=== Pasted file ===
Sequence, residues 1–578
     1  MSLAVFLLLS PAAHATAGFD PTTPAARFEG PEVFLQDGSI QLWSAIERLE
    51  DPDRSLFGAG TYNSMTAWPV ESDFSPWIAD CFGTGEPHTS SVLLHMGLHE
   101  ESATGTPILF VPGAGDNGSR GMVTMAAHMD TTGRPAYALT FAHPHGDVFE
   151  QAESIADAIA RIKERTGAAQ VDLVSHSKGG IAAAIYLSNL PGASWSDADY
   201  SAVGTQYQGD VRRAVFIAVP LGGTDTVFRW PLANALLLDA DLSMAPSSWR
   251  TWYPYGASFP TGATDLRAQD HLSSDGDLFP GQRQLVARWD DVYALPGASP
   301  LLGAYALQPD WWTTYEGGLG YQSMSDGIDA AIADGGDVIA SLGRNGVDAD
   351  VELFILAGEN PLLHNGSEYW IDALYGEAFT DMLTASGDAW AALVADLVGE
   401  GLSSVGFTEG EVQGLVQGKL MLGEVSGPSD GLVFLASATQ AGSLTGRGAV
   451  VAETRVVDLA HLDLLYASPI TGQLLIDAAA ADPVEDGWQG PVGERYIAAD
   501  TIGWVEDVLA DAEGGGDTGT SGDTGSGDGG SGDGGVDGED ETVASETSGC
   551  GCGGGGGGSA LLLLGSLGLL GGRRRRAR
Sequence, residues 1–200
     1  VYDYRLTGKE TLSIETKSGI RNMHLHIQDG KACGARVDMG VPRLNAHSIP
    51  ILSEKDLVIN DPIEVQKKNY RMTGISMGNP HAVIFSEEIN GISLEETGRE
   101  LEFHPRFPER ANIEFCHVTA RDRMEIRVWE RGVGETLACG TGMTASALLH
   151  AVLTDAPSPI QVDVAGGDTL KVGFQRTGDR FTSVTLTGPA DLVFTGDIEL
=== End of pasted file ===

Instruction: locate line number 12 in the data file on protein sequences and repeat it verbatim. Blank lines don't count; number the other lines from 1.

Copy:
   501  TIGWVEDVLA DAEGGGDTGT SGDTGSGDGG SGDGGVDGED ETVASETSGC